Talk:IP Editing: Privacy Enhancement and Abuse Mitigation/Improving tools
- 1 WhoIs?
- 2 Linking to other feedback
- 3 Feedback about proposed tools
- 4 with this change, maybe use more information in addition to IP, when assigning anon identity
- 5 Take no for an answer
- WHOIS has become more or less a generic name for an information blurb that is available from dozens of providers; many IP lookups give as much information as a typical WHOIS page. There's an experimental version on the ToolForge (it's the link available on enwp IP address user pages/contribs pages). I'd suggest linking the ToolForge version, but there are so many other versions that people kind of pick and choose their favourite providers. Risker (talk) 03:26, 30 August 2019 (UTC)
Linking to other feedback
So it's not lost, and is available for others to read.
wikidata:Wikidata:Project_chat/Archive/2019/08#New tools and IP masking. /Johan (WMF) (talk) 10:13, 9 September 2019 (UTC)
Feedback about proposed tools
We've put out some ideas on the project page about tools we can build to help improve vandalism detection and mitigation on our projects. We want your help with brainstorming on these ideas. What are some costs, benefits and risks we might be overlooking? How can we improve upon these ideas? What sounds exciting, what sounds sub-optimal? We want to hear all your thoughts. -- NKohli (WMF) (talk) 00:12, 14 January 2020 (UTC)
Summary of previous feedback
There was extensive discussion at Talk:IP_Editing:_Privacy_Enhancement_and_Abuse_Mitigation, which I will attempt to summarize:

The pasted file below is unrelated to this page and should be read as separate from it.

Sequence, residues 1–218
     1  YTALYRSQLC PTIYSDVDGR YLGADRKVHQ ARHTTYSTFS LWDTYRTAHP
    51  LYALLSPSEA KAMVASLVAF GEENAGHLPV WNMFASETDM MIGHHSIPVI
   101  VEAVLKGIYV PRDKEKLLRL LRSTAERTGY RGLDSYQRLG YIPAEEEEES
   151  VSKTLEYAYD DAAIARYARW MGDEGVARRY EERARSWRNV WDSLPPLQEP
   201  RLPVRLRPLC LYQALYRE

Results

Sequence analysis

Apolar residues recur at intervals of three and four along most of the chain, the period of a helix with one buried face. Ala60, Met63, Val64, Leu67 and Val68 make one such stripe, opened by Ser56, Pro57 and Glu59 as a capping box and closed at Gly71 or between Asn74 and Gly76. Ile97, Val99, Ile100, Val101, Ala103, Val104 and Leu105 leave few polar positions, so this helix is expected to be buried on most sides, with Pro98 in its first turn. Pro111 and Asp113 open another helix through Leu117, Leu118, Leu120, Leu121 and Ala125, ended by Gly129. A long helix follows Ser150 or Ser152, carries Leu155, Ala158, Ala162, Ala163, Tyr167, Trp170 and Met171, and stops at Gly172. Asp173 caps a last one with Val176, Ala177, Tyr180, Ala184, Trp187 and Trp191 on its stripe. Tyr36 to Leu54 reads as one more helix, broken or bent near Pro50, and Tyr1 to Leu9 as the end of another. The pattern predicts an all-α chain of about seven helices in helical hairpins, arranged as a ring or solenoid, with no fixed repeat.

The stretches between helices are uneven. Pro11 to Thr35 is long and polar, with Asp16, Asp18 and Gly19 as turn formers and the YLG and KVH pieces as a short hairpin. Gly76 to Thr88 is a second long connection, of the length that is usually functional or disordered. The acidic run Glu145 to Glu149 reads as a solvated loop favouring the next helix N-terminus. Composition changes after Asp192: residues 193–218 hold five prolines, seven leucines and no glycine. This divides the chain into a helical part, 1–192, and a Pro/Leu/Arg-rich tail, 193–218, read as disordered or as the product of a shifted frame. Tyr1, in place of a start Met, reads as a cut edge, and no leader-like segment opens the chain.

There was clear and overwhelming community rejection of masked editing, to the extent of a likely community consensus to place a preemptive block against all masked edits. If the Foundation were to terminate the ability for logged out users to IP-edit (replacing IP editing with with masked editing), the Foundation would be effectively be denying logged-out users users any ability to edit at all. Any new tools for handling masked-edits would then be completely non-functional, as there would be exactly zero masked-edits to examine.
Feedback about IP info feature
- One concern that I have about this is that many admins have sufficient knowledge to make IP rangeblocks by looking at the IP address, the whois data, the contributions. How would admin rangeblocking work under this scenario? "Owner: Wikimedia Foundation" might be true for many different IP address ranges. A block on 126.96.36.199/24 shouldn't necessarily also affect 2620:0:860::/46. How would an admin view the contributions for a specific range, and issue a block? I'll note that it isn't sufficient to simply aggregate blocks based on the announced prefixes. For IPv4, many residential ISPs provide a single IP per customer which can be static for many months, so there is no need for a rangeblock at all. In IPv6, we almost always want to block the /64 - but that is never the announced prefix, and for some providers, especially mobile ones, a /64 is too wide. Users need to see the IP address WHOIS data and contributions history, not an opaque "similarity percentage", in order to understand how to interact with that IP address. ST47 (talk) 00:34, 15 January 2020 (UTC)
- "VPN" is not just a green checkmark or a red x. There are many different types of proxies and VPNs, some are public and some are only used by specific schools or corporations, and some data sources are of higher quality than others. Admins routinely use the reverse DNS output, not just of a single IP address but of the entire IP range to observe trends, and other tools like port scanning, DNS caches, blocklists, and threat intelligence, to identify proxies. Many of these require access to the true IP address. ST47 (talk) 00:39, 15 January 2020 (UTC)